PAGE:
Teleretinal programs have expanded in recent years, primarily to screen for diabetic retinopathy. Accurate and consistent assessment of the retinal vasculature, which often sustains damage as a result of cardiovascular disease, would advance teleretinal screening in terms of robustness and cost. Unfortunately, assessing changes to the retinal vasculature and quantifying abnormalities in retinal images has proven more difficult. Semi-automatic methods are reported to reduce grader variability, but they are time-consuming, requiring extensive reader interaction, thus limiting the overall effectiveness of a teleretinal screening program. VisionQuest Biomedical and its collaborator, the Retina Institute of South Texas (RIST), will demonstrate a software tool for comprehensive assessment of retinal vasculature (CARV) to aid readers in the quantitative characterization of vascular abnormalities and identification of those images with features indicative of potential sight-threatening or life-threatening conditions. CARV will provide the reader real-time artery to vein ratio (AVR) measurements, an accepted clinical value for determining risk of future stroke or hypertensive events, as well as measurements associated with branching patterns and tortuosity. It will also incorporate detection algorithms for features such as copper and silver wiring, AV nicking, and emboli. Our goal is to provide an aid to the retinal grader for detecting and quantifying common retinal vessel abnormalities with high agreement with the gold standard, a retinal specialist. In this Phase I we will also implement clinically accepted quantitative measurements for vasculature parameters. CARV, which can be integrated into a teleretinal system for diabetics, will allow graders to consistently identify signs of hypertensive retinopathy and CVD-related conditions and providers to exploit the full potential of teleretinal screening.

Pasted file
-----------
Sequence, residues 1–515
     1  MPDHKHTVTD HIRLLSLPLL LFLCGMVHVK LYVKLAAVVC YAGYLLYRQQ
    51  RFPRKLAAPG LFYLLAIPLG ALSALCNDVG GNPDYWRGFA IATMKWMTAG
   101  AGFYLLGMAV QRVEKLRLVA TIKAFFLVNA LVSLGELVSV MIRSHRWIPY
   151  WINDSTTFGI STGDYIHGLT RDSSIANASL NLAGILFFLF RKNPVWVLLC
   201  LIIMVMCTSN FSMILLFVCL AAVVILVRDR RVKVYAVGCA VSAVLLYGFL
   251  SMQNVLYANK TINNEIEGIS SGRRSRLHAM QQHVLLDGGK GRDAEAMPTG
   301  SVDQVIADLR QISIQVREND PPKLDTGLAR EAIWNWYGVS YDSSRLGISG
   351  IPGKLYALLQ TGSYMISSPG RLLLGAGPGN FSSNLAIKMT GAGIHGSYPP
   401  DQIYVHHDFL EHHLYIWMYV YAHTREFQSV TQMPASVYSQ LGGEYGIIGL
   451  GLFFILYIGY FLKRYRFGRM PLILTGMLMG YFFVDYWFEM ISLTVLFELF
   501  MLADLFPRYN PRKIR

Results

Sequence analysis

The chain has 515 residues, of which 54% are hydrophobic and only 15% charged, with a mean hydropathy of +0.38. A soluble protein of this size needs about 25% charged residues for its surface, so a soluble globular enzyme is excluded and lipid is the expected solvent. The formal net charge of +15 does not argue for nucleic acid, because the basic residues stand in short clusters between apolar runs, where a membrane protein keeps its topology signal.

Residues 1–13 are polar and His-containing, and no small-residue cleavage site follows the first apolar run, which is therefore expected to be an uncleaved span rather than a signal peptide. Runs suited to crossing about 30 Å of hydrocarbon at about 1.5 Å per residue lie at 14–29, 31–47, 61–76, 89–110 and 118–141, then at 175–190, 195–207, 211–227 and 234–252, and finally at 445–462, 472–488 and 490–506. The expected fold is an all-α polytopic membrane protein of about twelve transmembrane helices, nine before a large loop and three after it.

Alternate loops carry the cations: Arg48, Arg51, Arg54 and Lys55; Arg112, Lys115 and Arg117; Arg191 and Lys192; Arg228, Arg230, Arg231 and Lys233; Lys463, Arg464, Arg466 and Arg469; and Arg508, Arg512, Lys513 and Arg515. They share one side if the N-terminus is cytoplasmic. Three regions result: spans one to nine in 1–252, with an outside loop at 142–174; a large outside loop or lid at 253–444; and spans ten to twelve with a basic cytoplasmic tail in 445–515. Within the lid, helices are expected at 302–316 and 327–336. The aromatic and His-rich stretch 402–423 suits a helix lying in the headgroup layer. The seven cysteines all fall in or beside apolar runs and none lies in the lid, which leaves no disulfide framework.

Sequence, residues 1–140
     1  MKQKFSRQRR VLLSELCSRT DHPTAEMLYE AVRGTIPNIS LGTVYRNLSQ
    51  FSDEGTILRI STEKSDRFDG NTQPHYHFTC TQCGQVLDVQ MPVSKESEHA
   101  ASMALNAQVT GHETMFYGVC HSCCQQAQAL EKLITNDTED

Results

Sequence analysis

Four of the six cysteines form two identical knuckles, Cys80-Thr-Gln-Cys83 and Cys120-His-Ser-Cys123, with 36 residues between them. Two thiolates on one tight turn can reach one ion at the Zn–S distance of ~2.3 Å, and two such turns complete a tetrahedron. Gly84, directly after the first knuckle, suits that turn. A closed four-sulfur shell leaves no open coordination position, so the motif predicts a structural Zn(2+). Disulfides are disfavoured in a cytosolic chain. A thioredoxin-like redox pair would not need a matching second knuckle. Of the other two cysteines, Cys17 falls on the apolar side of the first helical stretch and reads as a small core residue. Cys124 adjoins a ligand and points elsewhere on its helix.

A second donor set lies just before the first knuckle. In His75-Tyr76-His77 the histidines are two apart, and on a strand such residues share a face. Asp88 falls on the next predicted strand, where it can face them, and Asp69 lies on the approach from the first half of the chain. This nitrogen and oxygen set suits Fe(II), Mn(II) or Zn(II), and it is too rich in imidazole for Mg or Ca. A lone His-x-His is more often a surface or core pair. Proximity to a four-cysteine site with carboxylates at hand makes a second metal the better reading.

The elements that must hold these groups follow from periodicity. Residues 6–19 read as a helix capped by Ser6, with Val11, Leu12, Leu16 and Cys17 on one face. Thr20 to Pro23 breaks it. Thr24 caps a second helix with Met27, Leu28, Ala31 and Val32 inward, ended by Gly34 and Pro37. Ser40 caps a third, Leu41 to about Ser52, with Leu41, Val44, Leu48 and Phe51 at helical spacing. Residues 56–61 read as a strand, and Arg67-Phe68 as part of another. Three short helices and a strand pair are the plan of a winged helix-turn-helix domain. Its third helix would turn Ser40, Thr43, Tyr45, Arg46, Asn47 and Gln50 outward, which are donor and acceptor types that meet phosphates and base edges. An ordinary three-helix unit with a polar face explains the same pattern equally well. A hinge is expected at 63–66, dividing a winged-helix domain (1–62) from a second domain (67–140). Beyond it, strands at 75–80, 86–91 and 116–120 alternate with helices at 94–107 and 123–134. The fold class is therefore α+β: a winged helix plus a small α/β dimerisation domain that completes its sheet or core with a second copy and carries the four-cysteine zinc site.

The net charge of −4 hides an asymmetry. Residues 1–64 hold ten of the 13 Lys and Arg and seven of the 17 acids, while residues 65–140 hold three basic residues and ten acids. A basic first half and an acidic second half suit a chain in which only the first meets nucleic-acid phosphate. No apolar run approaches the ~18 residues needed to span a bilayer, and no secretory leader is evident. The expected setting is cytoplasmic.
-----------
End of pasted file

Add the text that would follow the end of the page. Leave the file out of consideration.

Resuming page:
Vascular changes in the retina are often the result of hypertension and other forms of cardiovascular disease. Manual grading of these changes can result in high rates of inter- and intra-grader variability. In this project we will demonstrate a software tool for comprehensive assessment of retinal vasculature (CARV), a fully automatic system to aid readers in the quantitative characterization of vascular abnormalities and identification of those images with features indicative of potential sight-threatening or life-threatening conditions.